Review: The Museum of Extraordinary Things by Alice Hoffman

Coney Island: Coralie Sardie is the daughter of the sinister impresario behind The Museum of Extraordinary Things, a boardwalk freak show that thrills the masses. An exceptional swimmer, Coralie appears as the Mermaid in her father’s ‘museum.’ One night Coralie stumbles upon a striking young man photographing moonlit trees in the woods off the Hudson River.

The dashing photographer is Eddie Cohen, a Russian immigrant who has run away from his father’s Lower East Side Orthodox community and his job as an apprentice tailor. When Eddie photographs the devastation on the streets of New York following the infamous Triangle Shirtwaist Factory fire, he becomes embroiled in the suspicious mystery behind a young woman’s disappearance.

This was a very enjoyable read.

Set in 1911 New York against a backdrop of real historical events – the fires at Triangle Shirtwaist Factory and Dreamland – which are both handled with humanity, encompassing the horror of the events and public feeling at the time – particularly in the case of the factory fire. 

Among this historical backdrop we are introduced to Coralie who’s father, Professor Sardie owns a Museum of Extraordinary Things.

From unusual people to a one hundred year old tortoise Coralie is surrounded by the out of the ordinary. Forced by her father at a young age to endure ice baths and learn to hold her breath underwater, Coralie becomes a Museum exhibit herself – her webbed fingers and learnt abilities making her a ‘mermaid’.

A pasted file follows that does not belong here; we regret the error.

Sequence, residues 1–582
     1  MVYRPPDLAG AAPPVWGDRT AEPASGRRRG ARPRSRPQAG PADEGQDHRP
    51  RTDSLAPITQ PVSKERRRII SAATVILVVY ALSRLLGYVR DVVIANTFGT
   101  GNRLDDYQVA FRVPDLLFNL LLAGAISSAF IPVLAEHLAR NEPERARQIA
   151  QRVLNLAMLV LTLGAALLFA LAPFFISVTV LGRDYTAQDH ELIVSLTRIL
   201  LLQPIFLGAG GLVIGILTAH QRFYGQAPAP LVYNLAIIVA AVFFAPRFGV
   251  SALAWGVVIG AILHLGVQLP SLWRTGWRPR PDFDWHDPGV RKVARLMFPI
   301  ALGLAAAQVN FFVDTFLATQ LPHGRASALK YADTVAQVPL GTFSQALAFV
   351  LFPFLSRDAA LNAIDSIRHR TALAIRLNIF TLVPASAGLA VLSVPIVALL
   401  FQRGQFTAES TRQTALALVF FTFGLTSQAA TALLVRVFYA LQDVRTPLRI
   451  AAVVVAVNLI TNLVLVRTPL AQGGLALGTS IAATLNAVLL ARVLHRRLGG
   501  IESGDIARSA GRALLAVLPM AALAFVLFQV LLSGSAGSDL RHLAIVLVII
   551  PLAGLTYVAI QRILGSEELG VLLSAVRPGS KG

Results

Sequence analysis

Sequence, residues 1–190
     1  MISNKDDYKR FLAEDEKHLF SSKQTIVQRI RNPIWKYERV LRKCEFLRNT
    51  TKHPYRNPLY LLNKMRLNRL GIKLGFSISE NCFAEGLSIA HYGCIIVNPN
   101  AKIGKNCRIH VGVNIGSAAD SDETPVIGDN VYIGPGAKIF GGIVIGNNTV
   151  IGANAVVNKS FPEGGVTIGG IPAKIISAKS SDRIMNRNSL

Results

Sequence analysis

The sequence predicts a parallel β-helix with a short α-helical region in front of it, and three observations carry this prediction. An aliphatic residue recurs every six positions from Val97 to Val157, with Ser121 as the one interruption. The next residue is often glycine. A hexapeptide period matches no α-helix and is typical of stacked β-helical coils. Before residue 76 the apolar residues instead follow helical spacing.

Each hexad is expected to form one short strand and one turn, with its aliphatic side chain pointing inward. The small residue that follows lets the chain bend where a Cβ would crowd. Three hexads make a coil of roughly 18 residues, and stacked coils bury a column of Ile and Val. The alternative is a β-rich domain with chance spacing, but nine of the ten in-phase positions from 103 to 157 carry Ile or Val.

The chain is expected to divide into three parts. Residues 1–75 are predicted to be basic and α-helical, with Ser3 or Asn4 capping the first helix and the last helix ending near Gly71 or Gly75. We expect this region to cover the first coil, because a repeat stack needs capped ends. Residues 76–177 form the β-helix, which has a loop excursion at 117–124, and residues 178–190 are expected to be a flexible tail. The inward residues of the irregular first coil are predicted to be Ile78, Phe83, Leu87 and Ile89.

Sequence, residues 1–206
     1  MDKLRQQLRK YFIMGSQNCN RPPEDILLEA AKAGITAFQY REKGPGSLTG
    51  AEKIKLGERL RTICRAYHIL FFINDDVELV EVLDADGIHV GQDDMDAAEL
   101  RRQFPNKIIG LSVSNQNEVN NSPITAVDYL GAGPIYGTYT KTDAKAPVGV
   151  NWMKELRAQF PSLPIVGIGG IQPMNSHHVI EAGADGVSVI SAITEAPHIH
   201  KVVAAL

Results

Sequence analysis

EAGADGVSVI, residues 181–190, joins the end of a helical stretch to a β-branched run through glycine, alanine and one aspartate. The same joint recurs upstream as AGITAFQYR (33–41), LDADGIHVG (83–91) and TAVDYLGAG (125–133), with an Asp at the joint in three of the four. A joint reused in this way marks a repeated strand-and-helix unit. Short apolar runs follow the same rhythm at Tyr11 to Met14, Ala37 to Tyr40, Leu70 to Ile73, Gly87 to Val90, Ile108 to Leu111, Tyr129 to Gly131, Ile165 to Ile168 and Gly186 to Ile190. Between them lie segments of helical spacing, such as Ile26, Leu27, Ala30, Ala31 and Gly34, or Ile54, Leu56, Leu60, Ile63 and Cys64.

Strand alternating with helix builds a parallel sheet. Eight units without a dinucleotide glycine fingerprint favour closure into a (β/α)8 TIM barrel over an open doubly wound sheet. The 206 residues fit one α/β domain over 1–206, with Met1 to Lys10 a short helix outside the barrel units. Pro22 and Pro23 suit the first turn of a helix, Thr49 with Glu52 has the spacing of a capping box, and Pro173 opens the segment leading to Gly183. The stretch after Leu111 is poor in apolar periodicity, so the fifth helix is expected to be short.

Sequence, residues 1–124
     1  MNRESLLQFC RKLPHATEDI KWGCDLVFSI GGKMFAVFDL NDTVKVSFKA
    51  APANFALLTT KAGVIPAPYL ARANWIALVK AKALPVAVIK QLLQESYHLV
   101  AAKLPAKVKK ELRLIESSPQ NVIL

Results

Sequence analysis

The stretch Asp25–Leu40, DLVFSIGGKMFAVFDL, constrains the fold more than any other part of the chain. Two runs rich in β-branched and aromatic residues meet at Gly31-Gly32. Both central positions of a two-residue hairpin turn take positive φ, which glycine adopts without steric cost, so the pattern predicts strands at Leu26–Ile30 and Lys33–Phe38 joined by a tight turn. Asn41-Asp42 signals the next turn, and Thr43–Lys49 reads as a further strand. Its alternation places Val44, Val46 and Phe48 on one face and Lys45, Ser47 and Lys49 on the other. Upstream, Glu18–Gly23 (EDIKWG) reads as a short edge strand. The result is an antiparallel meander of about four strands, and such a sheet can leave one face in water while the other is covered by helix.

Slowly Coralie learns that not everything in the Museum is as it seems and indeed to the reader Professor Sardie becomes more and more unlikeable as the story progresses. 

Parallel to Coralie’s tale we have that of Eddie. Eddie is a Russian immigrant who turns away from the Orthodox community he was raised in, becoming first a street child used to ‘find’ people and later a photographer. 

His reputation for finding people leads him to become involved in the search for a missing young woman and subsequently into crossing paths with Coralie.

Ultimately a story about following your dreams and becoming your own person this book had me gripped from start to finish.

4 thoughts on “Review: The Museum of Extraordinary Things by Alice Hoffman

  1. Beautiful review! I adore Practical Magic, so I’ve been wanting to read more Alice Hoffman. This one sounds like a wonderful read!

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